First-in-Class T-Cell Stimulator Varlilumab in Advanced Tumors


Get Permission

Howard A. Burris, MD

Howard A. Burris, MD

A phase I study reported by Howard A. Burris, MD, of Sarah Cannon Research Institute, Tennessee Oncology, and colleagues in the Journal of Clinical Oncology has shown that the first-in-class agonist anti-CD27 antibody varlilumab is well tolerated and active in patients with advanced solid tumors. CD27 is a co-stimulatory molecule on T cells that induces intracellular signaling for cellular activation, proliferation, effector function, and survival upon binding with its ligand CD70 (normally transiently expressed on antigen-presenting cells).

In a dose-escalation phase, 25 patients with solid tumors (primarily colorectal cancer and melanoma) received a single intravenous dose of varlilumab at 0.1, 0.3, 1.0, 3.0, or 10 mg/kg with a 28-day observation period, followed by up to 5 multidose cycles (1 dose per week for 4 weeks) depending on tumor response. In expansion cohorts, 16 patients with melanoma and 15 patients with renal cell carcinoma were started at a dose of 3.0 mg/kg. All patients had stage IV disease, and most were heavily pretreated.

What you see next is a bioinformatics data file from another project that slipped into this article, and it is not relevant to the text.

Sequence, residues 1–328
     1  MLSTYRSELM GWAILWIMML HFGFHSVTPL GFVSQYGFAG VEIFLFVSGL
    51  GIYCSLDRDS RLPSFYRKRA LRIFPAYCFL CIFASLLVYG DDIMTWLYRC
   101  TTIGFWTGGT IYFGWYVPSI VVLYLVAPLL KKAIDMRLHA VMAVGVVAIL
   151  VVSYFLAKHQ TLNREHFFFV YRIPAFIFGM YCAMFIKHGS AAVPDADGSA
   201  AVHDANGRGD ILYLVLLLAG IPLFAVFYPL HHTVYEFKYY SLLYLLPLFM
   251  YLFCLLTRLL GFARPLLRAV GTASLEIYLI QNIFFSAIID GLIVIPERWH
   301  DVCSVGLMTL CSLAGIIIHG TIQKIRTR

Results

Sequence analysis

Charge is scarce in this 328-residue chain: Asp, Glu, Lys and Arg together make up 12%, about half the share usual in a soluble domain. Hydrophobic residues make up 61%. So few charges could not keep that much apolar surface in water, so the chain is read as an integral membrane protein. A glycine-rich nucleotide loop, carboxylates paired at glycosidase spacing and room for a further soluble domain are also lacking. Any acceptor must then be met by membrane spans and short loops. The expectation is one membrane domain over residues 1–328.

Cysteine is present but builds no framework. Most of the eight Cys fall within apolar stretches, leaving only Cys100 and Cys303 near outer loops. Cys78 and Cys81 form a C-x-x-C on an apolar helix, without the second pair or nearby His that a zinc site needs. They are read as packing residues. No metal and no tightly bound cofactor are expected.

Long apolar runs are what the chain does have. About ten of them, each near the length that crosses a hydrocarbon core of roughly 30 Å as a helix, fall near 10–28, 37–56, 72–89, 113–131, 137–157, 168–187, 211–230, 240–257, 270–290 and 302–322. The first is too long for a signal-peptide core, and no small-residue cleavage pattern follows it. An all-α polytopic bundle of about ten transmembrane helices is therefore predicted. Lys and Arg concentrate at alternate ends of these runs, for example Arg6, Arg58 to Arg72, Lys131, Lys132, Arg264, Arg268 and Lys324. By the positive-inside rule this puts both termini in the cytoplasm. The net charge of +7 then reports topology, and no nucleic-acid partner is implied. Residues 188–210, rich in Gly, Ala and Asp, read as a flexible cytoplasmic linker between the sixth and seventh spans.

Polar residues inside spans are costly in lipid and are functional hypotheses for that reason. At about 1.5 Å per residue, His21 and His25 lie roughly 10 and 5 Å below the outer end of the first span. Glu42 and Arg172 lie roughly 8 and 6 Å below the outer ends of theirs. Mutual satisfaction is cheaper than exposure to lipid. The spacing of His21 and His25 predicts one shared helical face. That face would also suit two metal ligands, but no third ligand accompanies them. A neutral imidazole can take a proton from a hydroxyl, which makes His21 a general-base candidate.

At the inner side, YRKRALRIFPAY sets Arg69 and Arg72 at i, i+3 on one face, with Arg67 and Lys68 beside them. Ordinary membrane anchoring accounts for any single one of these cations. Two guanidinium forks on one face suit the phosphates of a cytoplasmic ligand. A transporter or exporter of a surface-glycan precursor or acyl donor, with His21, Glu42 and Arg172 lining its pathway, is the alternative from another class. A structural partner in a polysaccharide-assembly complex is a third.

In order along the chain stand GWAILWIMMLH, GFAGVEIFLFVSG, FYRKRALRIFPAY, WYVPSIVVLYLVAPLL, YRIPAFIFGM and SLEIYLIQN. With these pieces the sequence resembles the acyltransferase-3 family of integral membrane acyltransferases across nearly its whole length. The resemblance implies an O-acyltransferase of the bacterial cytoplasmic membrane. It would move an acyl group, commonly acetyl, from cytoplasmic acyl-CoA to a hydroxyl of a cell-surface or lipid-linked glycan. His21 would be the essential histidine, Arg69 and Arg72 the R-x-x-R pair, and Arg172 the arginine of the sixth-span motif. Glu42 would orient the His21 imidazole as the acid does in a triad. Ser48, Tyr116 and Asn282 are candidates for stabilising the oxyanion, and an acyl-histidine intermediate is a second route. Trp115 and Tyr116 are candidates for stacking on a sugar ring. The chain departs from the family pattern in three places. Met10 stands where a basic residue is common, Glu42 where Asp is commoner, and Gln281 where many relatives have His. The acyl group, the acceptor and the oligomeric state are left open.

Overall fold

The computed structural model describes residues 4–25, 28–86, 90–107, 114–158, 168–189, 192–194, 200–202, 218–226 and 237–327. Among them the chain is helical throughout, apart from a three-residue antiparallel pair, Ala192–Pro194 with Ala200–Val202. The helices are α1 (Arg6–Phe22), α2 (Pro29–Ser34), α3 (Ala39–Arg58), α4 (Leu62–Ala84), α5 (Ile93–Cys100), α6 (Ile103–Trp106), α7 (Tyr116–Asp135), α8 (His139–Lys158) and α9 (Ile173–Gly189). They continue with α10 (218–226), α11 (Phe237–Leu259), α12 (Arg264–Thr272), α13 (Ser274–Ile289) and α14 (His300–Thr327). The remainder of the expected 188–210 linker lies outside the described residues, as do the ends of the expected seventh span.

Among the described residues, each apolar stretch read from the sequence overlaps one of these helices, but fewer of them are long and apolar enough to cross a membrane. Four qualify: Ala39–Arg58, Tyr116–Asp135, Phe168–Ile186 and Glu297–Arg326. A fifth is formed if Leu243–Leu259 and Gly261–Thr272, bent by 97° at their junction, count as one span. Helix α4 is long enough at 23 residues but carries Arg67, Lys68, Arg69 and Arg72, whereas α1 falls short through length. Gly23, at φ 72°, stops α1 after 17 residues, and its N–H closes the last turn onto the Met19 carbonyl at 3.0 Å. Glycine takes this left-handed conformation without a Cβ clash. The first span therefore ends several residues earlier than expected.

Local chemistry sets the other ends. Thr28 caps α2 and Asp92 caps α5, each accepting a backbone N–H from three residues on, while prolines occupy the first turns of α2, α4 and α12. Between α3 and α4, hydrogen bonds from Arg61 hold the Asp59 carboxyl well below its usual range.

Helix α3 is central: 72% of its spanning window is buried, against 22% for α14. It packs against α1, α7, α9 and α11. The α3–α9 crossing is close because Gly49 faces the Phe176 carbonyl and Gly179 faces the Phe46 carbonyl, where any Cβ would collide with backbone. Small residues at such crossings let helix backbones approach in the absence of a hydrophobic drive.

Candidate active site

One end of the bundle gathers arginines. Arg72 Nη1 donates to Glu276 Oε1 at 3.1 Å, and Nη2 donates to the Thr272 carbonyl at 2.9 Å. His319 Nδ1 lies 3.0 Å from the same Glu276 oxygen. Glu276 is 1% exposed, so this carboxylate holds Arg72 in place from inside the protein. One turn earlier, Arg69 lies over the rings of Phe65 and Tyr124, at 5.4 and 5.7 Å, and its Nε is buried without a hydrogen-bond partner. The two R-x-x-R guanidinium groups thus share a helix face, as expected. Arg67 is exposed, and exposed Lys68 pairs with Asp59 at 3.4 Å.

Only one dose-limiting toxicity was observed, consisting of grade 3 transient asymptomatic hyponatremia at a dose of 1.0 mg/kg. No maximum tolerated dose was identified. Overall, patients received a median of 4 doses (range = 1–21), with 10 patients receiving at least 1 treatment cycle. Among all 56 patients, treatment-related toxicities were generally grade 1 or 2 and included fatigue, rash, nausea, and diarrhea; grade ≥ 3 treatment-related adverse events consisted of 1 case each of grade 3 hyponatremia, decreased appetite, and decreased lymphocyte count and 1 case of grade 4 asthma and bronchospasm.

Evidence of biologic activity, including chemokine induction, T-cell stimulation, and regulatory T-cell depletion, was observed across dose levels. One patient with metastatic renal cell carcinoma had a partial response, with progression-free survival of 2.3 years. Eight patients experienced stable disease for > 3 months, including 4 with renal cell carcinoma, 3 with melanoma, and 1 with colorectal adenocarcinoma.

The investigators concluded: “Dose escalation of varlilumab to 10 mg/kg was well tolerated without identification of a maximum tolerated dose. Varlilumab was biologically and clinically active.”

The study was supported by Celldex Therapeutics.

Burris HA, et al: J Clin Oncol 35:2028-2036, 2017. ■



Advertisement

Advertisement



Advertisement